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Showing posts from September 13, 2014

Hillary Clinton: Strong Parental Leave Laws Are Great. Here’s Why You Can’t Have Them.

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[The feminist we've come to know and love. "I don’t think, politically, we could get it now." Calling yourself a pragmatist or a realist, nowadays, is just a nice way of not having to call yourself a Republican. *RON*]

—By Patrick Caldwell, Mother Jones, 12 September 2014
The early stages of Hillary Clinton's proto-presidential campaign this summer were light on details about her domestic policy proposals. Instead, she focused on selling her book, Hard Choices, which focuses on her foreign policy opinions and diplomatic chops.

But this week, during a videotaped speech to a conference on women's issues in Japan, Clinton staked out a strong view on paid family leave, a topic that could play a role in her 2016 campaign. "The United States, unfortunately, is one of a handful of developed countries without paid family leave," she said, according to the Wall Street Journal. "If we give parents the flexibility on the …

Competition Is for Losers

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[A love song in praise of monopolies, of which Google is the poster-child. Americans “mythologize competition” as the essence of capitalism. They fail to see that “capitalism and competition are opposites”. Capitalism is about making profits; whereas, under perfect competition, all profits get competed away. “Only one thing can allow a business to transcend the daily brute struggle for survival: monopoly profits.” *RON*]

By Peter Thiel, The Wall Street Journal, 12 September 2014

What valuable company is nobody building? This question is harder than it looks, because your company could create a lot of value without becoming very valuable itself. Creating value isn't enough—you also need to capture some of the value you create.

This means that even very big businesses can be bad businesses. For example, U.S. airline companies serve millions of passengers and create hundreds of billions of dollars of value each year. But in 2012, when the avera…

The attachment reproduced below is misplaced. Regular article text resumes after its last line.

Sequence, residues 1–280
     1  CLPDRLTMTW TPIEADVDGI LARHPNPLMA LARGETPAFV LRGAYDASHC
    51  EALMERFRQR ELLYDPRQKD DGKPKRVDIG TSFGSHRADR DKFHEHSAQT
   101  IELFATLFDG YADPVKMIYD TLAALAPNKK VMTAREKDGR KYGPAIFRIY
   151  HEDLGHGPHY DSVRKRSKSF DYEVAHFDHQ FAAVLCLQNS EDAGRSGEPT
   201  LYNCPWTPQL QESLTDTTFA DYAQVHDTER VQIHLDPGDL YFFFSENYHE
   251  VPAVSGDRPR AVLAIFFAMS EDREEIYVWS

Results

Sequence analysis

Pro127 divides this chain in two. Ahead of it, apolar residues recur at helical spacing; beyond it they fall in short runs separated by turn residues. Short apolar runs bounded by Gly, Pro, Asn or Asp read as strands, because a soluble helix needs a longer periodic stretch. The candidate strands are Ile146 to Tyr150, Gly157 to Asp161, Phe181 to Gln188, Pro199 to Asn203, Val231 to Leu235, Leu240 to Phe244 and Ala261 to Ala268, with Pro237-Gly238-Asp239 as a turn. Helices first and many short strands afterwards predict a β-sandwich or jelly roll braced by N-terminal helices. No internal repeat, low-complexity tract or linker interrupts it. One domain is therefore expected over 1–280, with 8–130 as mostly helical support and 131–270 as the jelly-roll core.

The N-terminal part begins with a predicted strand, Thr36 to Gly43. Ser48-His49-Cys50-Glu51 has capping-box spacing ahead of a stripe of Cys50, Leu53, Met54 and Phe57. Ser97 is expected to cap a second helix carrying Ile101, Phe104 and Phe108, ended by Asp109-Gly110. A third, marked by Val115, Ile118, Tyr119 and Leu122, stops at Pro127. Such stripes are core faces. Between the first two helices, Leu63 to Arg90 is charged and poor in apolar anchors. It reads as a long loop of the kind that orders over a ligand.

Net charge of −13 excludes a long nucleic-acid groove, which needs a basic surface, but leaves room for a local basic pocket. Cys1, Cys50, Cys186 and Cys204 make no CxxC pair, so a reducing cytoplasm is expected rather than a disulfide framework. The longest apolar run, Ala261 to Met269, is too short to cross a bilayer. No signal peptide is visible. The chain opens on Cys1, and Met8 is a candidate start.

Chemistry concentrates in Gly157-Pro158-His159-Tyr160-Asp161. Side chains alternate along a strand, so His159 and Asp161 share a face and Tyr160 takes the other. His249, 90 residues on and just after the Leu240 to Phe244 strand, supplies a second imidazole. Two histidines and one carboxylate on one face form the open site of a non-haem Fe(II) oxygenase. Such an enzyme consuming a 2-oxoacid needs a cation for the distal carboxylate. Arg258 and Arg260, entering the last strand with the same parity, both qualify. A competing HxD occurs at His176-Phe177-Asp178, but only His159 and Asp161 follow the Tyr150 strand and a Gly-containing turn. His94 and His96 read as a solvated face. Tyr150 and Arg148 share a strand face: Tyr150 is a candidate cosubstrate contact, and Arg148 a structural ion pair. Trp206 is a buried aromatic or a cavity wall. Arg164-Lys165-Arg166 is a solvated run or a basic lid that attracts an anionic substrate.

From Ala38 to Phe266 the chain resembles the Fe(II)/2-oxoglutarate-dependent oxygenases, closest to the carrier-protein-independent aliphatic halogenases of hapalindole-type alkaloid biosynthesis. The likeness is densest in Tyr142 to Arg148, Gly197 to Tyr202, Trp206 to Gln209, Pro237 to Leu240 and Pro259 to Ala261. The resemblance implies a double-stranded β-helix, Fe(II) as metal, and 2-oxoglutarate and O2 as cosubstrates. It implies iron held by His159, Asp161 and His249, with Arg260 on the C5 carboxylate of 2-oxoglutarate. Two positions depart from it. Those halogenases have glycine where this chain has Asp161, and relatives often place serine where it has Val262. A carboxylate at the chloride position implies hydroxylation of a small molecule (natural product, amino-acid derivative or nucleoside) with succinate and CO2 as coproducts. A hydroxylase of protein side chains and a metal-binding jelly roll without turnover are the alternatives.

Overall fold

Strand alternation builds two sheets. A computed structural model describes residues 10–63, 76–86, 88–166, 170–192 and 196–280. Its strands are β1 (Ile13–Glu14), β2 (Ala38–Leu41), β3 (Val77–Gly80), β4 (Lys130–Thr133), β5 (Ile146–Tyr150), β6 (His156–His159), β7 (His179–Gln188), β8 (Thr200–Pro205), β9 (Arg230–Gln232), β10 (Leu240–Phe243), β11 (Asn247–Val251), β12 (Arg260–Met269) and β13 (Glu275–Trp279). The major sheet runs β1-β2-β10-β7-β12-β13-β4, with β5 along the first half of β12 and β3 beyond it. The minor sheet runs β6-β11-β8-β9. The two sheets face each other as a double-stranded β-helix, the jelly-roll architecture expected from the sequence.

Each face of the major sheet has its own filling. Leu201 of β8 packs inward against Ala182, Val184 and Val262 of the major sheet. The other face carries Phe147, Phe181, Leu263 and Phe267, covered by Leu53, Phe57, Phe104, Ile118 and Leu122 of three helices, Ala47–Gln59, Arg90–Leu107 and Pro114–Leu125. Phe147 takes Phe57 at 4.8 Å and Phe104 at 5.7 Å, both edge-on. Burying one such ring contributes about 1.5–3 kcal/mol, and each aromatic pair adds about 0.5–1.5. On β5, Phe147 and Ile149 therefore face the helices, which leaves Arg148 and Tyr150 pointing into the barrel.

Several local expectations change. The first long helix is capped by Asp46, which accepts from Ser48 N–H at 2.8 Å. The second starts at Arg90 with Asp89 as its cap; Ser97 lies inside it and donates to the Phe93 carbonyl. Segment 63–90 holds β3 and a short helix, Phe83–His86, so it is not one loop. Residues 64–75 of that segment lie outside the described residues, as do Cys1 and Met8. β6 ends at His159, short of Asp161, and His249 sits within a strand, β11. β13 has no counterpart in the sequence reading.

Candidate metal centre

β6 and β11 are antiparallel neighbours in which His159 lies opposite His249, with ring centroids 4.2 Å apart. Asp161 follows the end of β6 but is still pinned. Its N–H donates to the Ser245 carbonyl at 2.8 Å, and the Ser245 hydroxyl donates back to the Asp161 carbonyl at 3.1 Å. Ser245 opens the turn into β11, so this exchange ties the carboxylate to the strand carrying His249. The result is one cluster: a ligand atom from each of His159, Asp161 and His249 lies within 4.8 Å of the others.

Syngenta Stands Firm On Neonicotinoids

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["Amid growing concerns and lawsuits linking neonicotinoid pesticides with bee declines, Syngenta is asking the Environmental Protection Agency to increase the allowable levels of the company’s controversial neonicotinoid product thiamethoxam on certain crops." *RON*]

By Britt E. Erickson, Chemical and Engineering News, Volume 92 Issue 37, p. 7, 12 September 2014 (Issue date 15 September 2014)

Amid growing concerns and lawsuits linking neonicotinoid pesticides with bee declines, Syngenta is asking the Environmental Protection Agency to increase the allowable levels of the company’s controversial neonicotinoid product thiamethoxam on certain crops.

Syngenta is seeking the change so thiamethoxam can be used as a spray on the foliage of alfalfa, corn, barley, and wheat. Currently, the pesticide is approved for use only as a seed treatment on those crops. In explaining its request, the company says, “Mid- to late-season insect pests are not …

China Is Using The UN As Cover For Sending Troops To Protect Its Oil Investment In South Sudan

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[China wants Africa - specifically African oil - under its sphere of influence. It knows it can't get away with simply marching in with its own army, so... *RON*]

Armin Rosen, Business Insider, 12 September 2014
Chinese soldiers from an engineering unit practice at an army camp in Qinyang in Henan province on September 15, 2007.

This week, China announced that it was sending 700 military personnel to join the UN's peacekeeping mission in South Sudan, an oil-rich east African state and site of an ongoing civil war. China has contributed to UN peacekeeping missions before, but the unprecedented size of its contribution, and its purpose in sending troops, reveals just how complicated China's foreign outreach has become as the country continues its rise to super-power status.

As the Wall Street Journal reported, China is deploying troops in order "to help guard the country's embattled oil fields and protect Chinese workers and inst…

EI Premium Cut 'A Job Killer,' Critics Say

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[The graph showing corporations "bunching" up in front of the "tax wall" is an eye-opener. And, of course (Harper and Don Knotts Joe Oliver know their base), no commensurate cut for workers. *RON*]
By Daniel Tencer, Huffington Post, 12 September 2014


It took very little time for the Small Business Job Credit, announced by the Conservative government on Thursday, to start attracting negative attention.

Many economists say the move will do little to spur hiring — and may in fact prevent it.

The tax credit reduces the Employment Insurance premiums that small employers pay. (It doesn’t change the premiums that workers pay.) For the next two years, businesses that pay less than $15,000 in annual premiums will see their premiums reduced to $1.60 for every $100 earned, down from the current $1.88. By one estimate, this will mostly apply to companies with 20 or fewer workers.

Finance Minister Joe Oliver says this will reduce the EI b…